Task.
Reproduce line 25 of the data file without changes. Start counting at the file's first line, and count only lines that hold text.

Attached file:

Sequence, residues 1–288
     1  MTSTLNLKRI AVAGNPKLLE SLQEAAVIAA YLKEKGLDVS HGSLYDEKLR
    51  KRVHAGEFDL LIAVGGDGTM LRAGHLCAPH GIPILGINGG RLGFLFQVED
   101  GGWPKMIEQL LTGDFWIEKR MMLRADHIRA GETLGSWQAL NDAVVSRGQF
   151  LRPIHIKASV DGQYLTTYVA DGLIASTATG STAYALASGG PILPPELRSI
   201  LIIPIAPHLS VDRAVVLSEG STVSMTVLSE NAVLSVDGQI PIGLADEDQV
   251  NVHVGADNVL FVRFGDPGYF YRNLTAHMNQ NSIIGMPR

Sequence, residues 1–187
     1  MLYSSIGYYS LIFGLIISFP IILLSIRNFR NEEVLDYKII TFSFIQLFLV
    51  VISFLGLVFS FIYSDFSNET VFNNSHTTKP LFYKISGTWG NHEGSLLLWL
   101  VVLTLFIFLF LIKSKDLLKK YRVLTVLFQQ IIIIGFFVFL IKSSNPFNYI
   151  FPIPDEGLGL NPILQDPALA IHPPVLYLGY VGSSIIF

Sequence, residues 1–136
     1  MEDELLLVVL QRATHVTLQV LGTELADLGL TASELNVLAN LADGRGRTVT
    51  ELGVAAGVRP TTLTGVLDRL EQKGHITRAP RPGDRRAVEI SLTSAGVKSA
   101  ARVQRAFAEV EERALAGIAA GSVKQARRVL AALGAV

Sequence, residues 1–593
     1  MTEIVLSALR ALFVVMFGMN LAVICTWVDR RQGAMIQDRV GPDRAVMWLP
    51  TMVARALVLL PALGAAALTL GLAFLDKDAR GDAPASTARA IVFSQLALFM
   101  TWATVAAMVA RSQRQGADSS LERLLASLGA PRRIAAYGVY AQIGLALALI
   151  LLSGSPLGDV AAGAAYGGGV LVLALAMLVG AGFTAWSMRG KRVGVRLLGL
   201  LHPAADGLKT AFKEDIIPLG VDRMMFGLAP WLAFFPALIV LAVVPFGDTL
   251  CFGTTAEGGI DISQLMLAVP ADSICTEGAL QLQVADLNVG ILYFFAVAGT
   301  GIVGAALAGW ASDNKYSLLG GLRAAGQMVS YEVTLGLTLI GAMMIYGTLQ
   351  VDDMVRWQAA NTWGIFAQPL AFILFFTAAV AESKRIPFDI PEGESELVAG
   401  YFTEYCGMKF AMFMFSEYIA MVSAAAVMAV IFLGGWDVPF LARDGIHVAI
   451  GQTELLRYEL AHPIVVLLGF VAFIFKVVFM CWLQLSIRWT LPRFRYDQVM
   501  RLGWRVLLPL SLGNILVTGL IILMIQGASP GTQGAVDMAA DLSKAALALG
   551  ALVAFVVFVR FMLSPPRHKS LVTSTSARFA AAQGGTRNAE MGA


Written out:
   351  VDDMVRWQAA NTWGIFAQPL AFILFFTAAV AESKRIPFDI PEGESELVAG